Institutional members of Scribes, a well-respected national society of legal writers, may nominate up to five students to be inducted into the National Order of Scribes. Created by Scribes in 2007, the National Order of Scribes is an honorary organization providing formal recognition of law students who excel in legal writing. In selecting the recipients, Professor Tracy Turner, Director of Legal Analysis, Writing and Skills (LAWS), solicited nominations from the LAWS faculty based on the final appellate briefs submitted in LAWS II this year. She and two members of the LAWS faculty then read and independently scored the briefs of the nominated students. The five top-scoring brief writers and 2009 National Order of Scribes honorees from Southwestern include Grace S. Kallis, Timothy M. Meade, Joseph S. Park, Anna Sarukhanyan and Elizabeth H. Telefus.
Honors Programs Announce 2009-2010 Leadership
Southwestern congratulates the following students on their appointments to leadership positions in the school's honors programs:
- Artin Gharibian (Chair)
- Anne Cheung
- Kristyn Houchen
- Ashley Johnson
- Colleen Kelly
- Louisa Markarian
- Karen Hallock (Chair)
- Darren Reed
- MyLoc Dinh
- Phillip Bather
- Matthew Welde
Negotiation Honors Program Board of Governors (see story above)
- Kyle Marks (Chair)
- Joanna Allen
Students Elect 2009-2010 Student Bar Association Board
Following elections held last month, the Student Bar Association announced next year's governing board. The elected officers are:
- President - Chris DeClue
- Vice President (Day) - Danielle Foster
- Vice President (Evening) - Monet Heslup
- Treasurer - Anita Farzan
- Secretary - Jeffrey Harris
- ABA Representative - Shaili Pezeshki
Southwestern Students and Alumni Help Join Families During Adoption Day
It was difficult to tell whose smiles were brighter - the newly adopted
children and their parents, or their advocates who had worked with them
to get to this special day - during the recent adoption hearings at
Edelman Children's Courthouse in Monterrey Park. The emotion-filled
hearings marked the culmination of Adjunct Professor Amy Pellman's Children and the Law course.
judge of the Los Angeles Superior Court, Professor Pellman spent the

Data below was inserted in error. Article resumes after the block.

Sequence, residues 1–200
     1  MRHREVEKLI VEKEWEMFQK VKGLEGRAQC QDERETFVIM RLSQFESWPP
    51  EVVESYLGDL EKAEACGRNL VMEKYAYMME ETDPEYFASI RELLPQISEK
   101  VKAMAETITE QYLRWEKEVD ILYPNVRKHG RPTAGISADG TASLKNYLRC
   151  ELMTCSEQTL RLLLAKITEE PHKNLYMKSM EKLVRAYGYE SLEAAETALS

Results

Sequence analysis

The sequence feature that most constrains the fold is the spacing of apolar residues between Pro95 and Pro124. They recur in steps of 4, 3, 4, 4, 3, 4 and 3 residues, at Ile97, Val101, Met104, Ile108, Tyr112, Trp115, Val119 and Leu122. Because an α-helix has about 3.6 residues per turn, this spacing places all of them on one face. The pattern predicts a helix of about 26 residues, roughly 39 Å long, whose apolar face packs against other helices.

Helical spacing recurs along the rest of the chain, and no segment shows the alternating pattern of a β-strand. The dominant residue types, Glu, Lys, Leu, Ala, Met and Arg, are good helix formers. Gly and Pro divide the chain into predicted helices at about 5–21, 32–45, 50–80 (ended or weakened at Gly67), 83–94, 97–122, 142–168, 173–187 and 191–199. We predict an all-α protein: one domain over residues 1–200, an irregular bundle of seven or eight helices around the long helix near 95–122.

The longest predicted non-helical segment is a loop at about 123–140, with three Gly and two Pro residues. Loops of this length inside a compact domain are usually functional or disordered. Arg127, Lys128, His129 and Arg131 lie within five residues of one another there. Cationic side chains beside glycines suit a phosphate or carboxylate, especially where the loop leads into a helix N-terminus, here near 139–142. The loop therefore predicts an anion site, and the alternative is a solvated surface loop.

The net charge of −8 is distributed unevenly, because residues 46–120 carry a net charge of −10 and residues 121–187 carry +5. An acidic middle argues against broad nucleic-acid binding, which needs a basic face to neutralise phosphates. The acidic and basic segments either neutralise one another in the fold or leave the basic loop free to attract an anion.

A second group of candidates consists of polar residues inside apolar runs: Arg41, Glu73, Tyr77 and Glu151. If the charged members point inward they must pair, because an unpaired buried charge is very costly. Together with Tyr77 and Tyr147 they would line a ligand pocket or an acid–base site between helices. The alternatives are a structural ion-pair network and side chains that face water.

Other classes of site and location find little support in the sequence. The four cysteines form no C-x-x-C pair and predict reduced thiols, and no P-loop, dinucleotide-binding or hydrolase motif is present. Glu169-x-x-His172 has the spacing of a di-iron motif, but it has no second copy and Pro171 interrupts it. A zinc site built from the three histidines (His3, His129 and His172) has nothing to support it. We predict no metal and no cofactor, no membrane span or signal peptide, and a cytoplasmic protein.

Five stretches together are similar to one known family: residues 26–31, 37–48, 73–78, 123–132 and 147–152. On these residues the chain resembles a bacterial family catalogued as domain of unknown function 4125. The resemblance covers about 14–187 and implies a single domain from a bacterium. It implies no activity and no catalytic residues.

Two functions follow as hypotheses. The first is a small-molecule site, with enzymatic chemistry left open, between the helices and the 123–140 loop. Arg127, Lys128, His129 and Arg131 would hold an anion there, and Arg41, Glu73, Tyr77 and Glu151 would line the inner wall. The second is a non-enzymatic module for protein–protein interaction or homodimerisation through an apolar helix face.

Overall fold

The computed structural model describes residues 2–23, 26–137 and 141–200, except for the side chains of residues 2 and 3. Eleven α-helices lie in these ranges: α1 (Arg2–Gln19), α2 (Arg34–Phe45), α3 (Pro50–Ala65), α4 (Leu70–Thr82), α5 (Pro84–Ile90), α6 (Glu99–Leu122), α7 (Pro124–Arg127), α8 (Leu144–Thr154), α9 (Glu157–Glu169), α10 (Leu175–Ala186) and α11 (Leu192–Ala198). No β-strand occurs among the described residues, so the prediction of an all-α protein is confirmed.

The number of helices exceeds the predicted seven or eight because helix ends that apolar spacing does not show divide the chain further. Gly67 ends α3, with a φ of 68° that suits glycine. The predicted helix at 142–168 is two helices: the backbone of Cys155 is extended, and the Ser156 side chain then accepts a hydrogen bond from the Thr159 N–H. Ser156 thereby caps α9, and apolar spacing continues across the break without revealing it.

semester training her students to help complete adoptions of children
in the foster care system. This year, she worked closely with Public
Counsel to accomplish a goal she has had for a long time: to pair
Southwestern alumni with current students to execute these adoptions.
The result of that collaboration was Adoption Day 2009, in which
students and pro bono attorneys from Southwestern completed the
adoption process for 12 children during hearings held on April 17. In
all, this year's program placed 16 children in permanent homes.
Southwestern students with a child participant
this process, the students have an opportunity to experience a wide
range of lawyering skills," Judge Pellman said. "First, they are in the
role of an associate working with a partner on an adoption. They are
learning how best to interact with a supervisor. In this same vein,
they could be networking with that lawyer and enhancing their chances
for obtaining a job after law school. They are learning interviewing
skills and issue spotting. When they interview the families, they are
responsible for assessing the adoption benefit and deciding whether it
is correct for the child's level of needs." Read more.
Students Assist With Over 200 Tax Returns Through VITA Program
This year, Southwestern's Volunteer Income Tax Assistance (VITA)
Program completed 203 tax returns for L.A. residents, a significant
increase over the 130 tax returns program volunteers filed for
residents in need the prior year. In response to the program's
popularity, the Tax Law Society operated two VITA sites this year: one at Southwestern and the other at Neighborhood Legal Services in El Monte. Twenty
Southwestern students passed the IRS mandated test (allowing them to
provide this tax filing service) and volunteered their Saturdays to
participate in the program.
Mark Garelick '07 re-established Southwestern's VITA three years ago, and Albert DiMarco,
current President of Southwestern's Tax Law Society, has spearheaded
the program the past two years." At the end of the day, VITA really
isn't about taxes, it's about public service," DiMarco said. "When you
can look in the eyes of a woman with three kids who made $15,000 last
year and tell her that she's getting $4,000 dollars back from the
government and see her reaction, it makes it all worth it. That $4,000
is food on the table, new shoes, it's a variety of things that were
once out of reach ... And that's why I've been running this club for
two years, through finals, term papers and the avalanche of work that
law school entails." Read more.
VITA aids the elderly and low
income families and Southwestern students provide assistance in English
and Spanish. There is an income soft cap of approximately $45,000 per
year, per family. The program is only for personal income taxes (state
Southwestern Students Join International Justice Mission to Advocate for Victims of Human Trafficking
Southwestern students Omote Ekwotafia, Danielle DeRose, and Nicholas Garces (pictured from right to left) were among 100 people from 25 states who recently took part in a day of advocacy organized by the human rights agency International Justice Mission
(IJM). They traveled to Washington, D.C. and met with several members